Contributed by Dr. Steven DeLisle
Start Early and at Home
The best way to get your child used to the dentist is to nurture healthy oral hygiene habits from an early age. Starting at home, right in the bathroom, helps to familiarize your child with the tasks of brushing teeth and flossing. You can also stress how essential these habits are for a healthy mouth and a happy smile.
Turning it into a fun activity is okay. Let your little one pick out a colorful toothbrush that features a beloved character. Pick out a flavored toothpaste, as well. Stress gentleness as you teach your child brushing and flossing techniques. You can create a chart to help your little girl or guy to remember when to brush throughout the day and evening. Put it together with colors and characters that appeal to your kid.
Play Pretend at Home
Children with ASD often fear the exam room and everything that happens in the scary dentist's chair. Practicing at home can ease those fears exponentially. Playing the part of the dentist, you can teach your child what to expect and how to behave. Practice opening up and saying “ahhh,” lying straight and still, and not fidgeting.
Be Proactive about Sensory Overload
The sounds and sensations at the dentist can trigger anxiety and fear in children with ASD. They can close their eyes, but that doesn't do much to erase the feeling of metal scraping across their teeth or a bib circling their neck. You know what affects your child, so proactively prepare before the first dental check-up and be mindful of any potential challenges related to the environmental factors of the building as a whole.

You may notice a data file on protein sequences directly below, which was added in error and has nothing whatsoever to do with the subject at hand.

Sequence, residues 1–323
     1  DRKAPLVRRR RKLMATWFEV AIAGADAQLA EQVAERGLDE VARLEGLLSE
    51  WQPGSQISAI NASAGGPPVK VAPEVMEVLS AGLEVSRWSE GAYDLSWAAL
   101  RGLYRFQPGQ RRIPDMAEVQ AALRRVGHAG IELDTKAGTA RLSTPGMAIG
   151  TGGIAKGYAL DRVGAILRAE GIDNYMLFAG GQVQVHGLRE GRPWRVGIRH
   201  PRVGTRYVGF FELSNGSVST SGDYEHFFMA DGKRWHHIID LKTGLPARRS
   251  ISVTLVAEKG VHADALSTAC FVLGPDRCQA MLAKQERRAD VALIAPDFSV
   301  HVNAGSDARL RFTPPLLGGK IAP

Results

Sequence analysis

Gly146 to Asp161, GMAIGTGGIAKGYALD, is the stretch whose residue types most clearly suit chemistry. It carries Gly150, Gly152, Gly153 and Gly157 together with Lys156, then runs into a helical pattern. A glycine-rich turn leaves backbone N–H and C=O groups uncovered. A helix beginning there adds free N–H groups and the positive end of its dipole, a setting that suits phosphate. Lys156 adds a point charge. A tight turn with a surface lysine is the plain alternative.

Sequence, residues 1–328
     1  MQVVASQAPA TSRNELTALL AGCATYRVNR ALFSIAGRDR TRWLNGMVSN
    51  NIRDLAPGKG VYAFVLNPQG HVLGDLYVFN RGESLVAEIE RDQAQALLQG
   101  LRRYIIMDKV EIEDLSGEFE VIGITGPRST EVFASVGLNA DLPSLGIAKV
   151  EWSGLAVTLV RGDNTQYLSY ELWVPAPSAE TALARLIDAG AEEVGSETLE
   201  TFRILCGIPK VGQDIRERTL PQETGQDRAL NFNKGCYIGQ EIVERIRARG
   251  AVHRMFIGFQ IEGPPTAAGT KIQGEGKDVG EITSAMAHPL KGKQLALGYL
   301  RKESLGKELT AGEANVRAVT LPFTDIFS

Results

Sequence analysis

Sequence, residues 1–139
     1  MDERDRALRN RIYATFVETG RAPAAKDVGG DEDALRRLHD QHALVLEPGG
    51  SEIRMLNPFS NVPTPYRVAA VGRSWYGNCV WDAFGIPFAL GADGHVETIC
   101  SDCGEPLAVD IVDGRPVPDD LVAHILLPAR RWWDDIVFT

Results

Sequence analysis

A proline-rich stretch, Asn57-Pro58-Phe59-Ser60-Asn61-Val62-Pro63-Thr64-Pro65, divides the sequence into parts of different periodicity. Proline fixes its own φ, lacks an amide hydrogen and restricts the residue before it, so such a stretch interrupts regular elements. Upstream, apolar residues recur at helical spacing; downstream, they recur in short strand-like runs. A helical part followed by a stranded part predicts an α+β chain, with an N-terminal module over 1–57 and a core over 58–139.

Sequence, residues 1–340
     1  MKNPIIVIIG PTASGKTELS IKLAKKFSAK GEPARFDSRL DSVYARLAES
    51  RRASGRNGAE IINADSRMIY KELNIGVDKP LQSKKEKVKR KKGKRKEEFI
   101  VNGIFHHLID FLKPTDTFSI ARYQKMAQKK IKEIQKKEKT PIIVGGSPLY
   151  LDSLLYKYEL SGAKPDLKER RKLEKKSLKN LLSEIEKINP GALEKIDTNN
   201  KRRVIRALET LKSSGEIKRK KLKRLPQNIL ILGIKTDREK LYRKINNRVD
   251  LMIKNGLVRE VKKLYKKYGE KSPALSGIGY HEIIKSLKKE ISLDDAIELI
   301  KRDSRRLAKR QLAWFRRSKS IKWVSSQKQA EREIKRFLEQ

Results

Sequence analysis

Noise-canceling headphones are helpful for children who can wear them comfortably. Either way, soothing music that your child loves can drown out the sound of various instruments. Bring along any toys or meaningful touchstones. Read a story to soothe those jangled nerves. Dress your child in loose, comfortable clothing. For children who hate bright lights, bring along their favorite sunglasses.
If your child experiences intense anxiety when introduced to your dentist’s office, you may want to consider sedation dentistry as an option. During this kind of procedure, your dentist administers nitrous oxide, oral sedation, or IV sedation before treatment to alleviate anxiety and leave your child with little to no memory of the procedure. While sedation dentistry is fairly common, it’s important to consult your dentist and your doctor prior to scheduling a sedation procedure.
Communication is Key
Not only do you need to communicate with your child, but you should both feel free to talk to the dentist, the hygienist, and everyone else who works in the office. Don't let your child feel scared or unsure about anything. For each visit, remind the office that your kiddo has special needs.
Maintaining a healthy diet for your child is necessary, too. Avoid foods and drinks that cause cavities. More than anything, preparing your child for what to expect is the best way to ensure that going to the dentist isn't a distressing appearance.
Author Bio: Dr. Steven DeLisle is a pediatric dentist who specializes in sedation dentistry and has experience treating children with special needs. He is the founder of Children’s Dentistry in Las Vegas, one of the fastest growing pediatric dental practices in the country.